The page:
Federal Criminal Law Enforcement
Structural Characteristics, Sources Of Structural Fragmentation: History And Politics, Coordination Challenges, Determining The Federal Role
Cases investigated and prosecuted by the federal criminal enforcement authorities often capture national attention. Terrorist bombings, official corruption, insider securities trading, organized crime enterprises, international drug conspiracies—all have been targeted by the "Feds," as have bank robberies, environmental crimes, illegal immigration, and foreign espionage, to name just a few. For all the attention it gets, however, what is most surprising about the federal enforcement apparatus is its small size, at least when compared to the network of state and local enforcement agencies, which have primary responsibility for patrolling the streets and pursue most of the crimes that happen on or off them. In 1996, for example, only 74,493 federal officers were authorized to carry guns and make arrests, against 663,535 full-time sworn state and local officers (36,813 in New York City alone).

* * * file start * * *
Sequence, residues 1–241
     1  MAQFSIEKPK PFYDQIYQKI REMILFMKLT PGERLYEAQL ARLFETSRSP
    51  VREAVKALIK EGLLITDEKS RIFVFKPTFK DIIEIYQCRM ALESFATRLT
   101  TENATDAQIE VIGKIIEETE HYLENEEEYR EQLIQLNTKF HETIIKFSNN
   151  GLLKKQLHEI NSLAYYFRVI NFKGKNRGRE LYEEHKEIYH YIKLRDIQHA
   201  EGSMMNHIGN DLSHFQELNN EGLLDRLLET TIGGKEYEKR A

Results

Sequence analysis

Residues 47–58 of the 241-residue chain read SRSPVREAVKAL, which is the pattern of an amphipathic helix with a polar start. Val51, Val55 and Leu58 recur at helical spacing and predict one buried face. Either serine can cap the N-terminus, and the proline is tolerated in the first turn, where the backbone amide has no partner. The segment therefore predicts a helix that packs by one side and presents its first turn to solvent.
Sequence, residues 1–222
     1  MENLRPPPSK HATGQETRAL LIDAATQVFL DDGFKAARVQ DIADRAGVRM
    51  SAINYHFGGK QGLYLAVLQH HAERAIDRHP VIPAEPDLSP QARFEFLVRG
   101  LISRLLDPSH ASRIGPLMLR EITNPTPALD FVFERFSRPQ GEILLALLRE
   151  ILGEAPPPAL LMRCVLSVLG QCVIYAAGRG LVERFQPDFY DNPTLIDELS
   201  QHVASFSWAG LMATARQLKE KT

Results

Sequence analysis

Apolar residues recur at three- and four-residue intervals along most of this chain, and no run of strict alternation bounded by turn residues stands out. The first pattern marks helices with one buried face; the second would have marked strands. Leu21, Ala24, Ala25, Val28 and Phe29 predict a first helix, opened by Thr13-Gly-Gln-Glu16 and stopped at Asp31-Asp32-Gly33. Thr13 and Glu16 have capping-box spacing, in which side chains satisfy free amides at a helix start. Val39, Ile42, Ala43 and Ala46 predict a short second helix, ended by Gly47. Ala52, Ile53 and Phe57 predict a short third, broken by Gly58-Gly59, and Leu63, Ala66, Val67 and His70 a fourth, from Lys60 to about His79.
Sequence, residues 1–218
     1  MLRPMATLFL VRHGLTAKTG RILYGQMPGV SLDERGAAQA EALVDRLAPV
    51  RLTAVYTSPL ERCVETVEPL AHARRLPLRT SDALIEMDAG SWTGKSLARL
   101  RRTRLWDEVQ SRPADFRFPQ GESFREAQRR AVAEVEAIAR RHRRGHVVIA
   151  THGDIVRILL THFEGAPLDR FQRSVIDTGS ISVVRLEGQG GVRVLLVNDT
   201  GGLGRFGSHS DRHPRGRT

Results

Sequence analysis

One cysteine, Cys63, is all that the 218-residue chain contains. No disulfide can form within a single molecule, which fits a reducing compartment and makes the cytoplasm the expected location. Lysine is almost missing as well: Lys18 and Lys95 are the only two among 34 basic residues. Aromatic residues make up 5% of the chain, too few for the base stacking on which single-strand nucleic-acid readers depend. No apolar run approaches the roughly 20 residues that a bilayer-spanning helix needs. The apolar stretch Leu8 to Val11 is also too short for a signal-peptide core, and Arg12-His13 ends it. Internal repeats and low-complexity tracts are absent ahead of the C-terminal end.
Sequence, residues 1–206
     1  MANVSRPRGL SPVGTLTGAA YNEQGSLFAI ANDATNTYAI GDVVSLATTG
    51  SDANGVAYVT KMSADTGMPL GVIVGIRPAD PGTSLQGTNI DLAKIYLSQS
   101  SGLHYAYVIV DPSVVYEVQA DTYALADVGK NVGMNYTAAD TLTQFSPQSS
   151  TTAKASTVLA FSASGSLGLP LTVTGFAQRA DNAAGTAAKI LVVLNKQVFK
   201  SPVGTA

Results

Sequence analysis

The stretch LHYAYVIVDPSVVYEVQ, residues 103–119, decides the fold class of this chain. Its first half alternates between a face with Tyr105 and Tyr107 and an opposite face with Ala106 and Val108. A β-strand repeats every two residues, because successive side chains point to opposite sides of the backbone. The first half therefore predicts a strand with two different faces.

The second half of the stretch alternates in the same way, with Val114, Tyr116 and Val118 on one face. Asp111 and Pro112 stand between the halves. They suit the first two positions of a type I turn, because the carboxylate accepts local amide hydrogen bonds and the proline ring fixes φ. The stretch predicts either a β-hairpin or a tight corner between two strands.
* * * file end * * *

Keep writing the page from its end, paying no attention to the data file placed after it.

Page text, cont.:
DANIEL C. RICHMAN
See also DRUGS AND CRIME: LEGAL ASPECTS; ECONOMIC CRIME: ANTITRUST OFFENSES; ECONOMIC CRIME: TAX OFFENSES; FEDERAL BUREAU OF INVESTIGATION: HISTORY; FEDERAL CRIMINAL JURISDICTION; FORFEITURE; KIDNAPPING; MAIL: FEDERAL MAIL FRAUD ACT; ORGANIZED CRIME; PROSECUTION: PROSECUTORIAL DISCRETION; PROSECUTION: UNITED STATES ATTORNEY.
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- Federal Criminal Law Enforcement - Structural Characteristics
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- Federal Criminal Law Enforcement - Determining The Federal Role
- Federal Criminal Law Enforcement - Bibliography
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